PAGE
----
Siri Plans to Stop Taking Orders and Start Giving Them

Apple CEO Tim Cook has announced the company is going to focus on developing self–driving car “systems” instead of the car itself. In an interview with Bloomberg Television he explained this qualifies as an “MOA” effort as in “The Mother Of All AI projects.”

The decision to concentrate on software, rather than both hardware and software is a new one for Apple. Normally the company designs the hardware along with the operating software and then ships the entire package off to China for manufacturing and intellectual property theft.

When the finished product returns to the US, Apple does its best to control the sales of all related products.

I’ve been with Apple longer than I’ve been with my wife. This is a fitting comparison since buying Apple is the hardware equivalent of matrimony. And even more fitting personally, since I’ve had excellent luck with refurbs, regardless of whether it’s Apple computers or wives.

Apple, like my wife, is a closed system that takes a dim view of playing the field. Cupertino prefers customers make all software purchases through the App Store. The same goes for hardware and the Apple Store.

Android, on the other hand, is a wild and wooly open system with many hardware manufacturers, many software producers and little if any standardization. Apple’s closed system is designed with control in mind.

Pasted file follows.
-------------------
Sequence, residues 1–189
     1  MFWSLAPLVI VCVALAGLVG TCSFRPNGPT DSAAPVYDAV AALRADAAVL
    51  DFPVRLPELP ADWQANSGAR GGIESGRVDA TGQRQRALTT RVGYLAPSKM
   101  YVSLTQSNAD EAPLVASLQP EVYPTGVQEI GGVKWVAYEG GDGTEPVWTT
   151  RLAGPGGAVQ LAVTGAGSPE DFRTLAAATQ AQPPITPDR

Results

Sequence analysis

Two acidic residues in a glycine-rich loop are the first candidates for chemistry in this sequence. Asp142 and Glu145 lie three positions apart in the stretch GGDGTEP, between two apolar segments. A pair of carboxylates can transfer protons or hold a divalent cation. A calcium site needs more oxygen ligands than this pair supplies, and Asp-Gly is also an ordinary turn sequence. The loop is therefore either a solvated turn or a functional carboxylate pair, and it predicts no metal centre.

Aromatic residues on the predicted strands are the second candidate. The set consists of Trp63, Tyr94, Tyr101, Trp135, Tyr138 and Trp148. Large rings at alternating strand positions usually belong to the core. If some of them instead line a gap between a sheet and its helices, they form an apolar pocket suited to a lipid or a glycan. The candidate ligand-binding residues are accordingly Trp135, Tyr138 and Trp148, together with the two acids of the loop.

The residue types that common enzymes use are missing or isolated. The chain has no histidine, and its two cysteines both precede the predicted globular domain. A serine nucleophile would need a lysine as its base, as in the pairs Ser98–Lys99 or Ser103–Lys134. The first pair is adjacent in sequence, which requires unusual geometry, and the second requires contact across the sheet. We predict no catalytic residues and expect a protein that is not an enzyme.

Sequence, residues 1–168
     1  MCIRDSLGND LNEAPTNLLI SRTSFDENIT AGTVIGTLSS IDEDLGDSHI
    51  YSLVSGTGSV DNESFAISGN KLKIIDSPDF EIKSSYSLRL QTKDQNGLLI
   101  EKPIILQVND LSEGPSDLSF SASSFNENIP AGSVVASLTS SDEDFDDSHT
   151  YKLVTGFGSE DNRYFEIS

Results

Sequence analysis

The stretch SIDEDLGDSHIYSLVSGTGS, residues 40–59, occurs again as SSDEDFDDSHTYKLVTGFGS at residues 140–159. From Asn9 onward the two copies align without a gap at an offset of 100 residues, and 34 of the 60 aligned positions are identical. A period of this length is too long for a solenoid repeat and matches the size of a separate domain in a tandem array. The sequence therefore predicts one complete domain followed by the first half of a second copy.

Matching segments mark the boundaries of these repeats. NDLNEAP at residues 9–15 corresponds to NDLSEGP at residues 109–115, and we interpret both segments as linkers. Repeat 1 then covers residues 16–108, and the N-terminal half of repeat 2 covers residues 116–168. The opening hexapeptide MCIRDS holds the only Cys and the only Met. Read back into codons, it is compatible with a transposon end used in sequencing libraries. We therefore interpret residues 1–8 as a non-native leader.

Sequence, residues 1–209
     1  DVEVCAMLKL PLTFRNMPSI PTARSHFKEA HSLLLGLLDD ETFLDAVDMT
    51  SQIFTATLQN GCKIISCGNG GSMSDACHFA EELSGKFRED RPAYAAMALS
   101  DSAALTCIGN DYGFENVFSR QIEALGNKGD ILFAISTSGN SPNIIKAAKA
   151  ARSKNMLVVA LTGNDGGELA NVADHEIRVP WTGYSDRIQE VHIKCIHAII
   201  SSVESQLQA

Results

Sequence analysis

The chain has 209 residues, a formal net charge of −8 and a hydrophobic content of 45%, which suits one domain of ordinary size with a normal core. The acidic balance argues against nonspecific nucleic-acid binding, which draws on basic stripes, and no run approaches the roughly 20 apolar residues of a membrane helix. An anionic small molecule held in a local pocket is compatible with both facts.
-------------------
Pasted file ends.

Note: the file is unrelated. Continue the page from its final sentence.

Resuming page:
Think of Hillary Clinton running a Best Buy.

Under Apple there is much more look–and–feel uniformity across the product spectrum, which comes with a price. Usually higher.

So, I would have had mixed feelings about owning an iCar.

I wouldn’t have liked being limited to buying gas at Apple stations. Sure the free operating software updates are nice, but that’s balanced with the thought of being lectured on the size of my carbon footprint by an Apple “Genius.”

Cook, at the time, hadn’t ruled out electric vehicles. He rhapsodized, “It’s a marvelous experience not to stop at the filling station or the gas station.” This only proves the chauffer maintains the car without Cook’s help.

Gassing up takes about five minutes. Charging up takes hours. Electricity may start cheap, but at the rate Apple changes the design of its propriety connectors, the cost of new adapters to plug into the power outlet will no doubt balance out the iFuel cost.

I think for the foreseeable future I’ll keep my manual car. If I want to drive with a woman that argues about routes and how fast I drive, I’ll just invite the wife.

CORRECTION: I was wrong last week. That column concerned NFL Commissioner Roger Goodell’s decree allowing NFL players scoring touchdowns to make fools of themselves — while the blockers that made it possible are ignored.

That may have been attractive for ballerina ball fans accustomed to method acting from their players, but football should be a serious game.

If I wanted to watch bad dancing and mini–charades I’d attend a GOP townhall meeting when Obamacare repeal was on the agenda. When I watch the NFL, I’m hoping professional football players will act professional.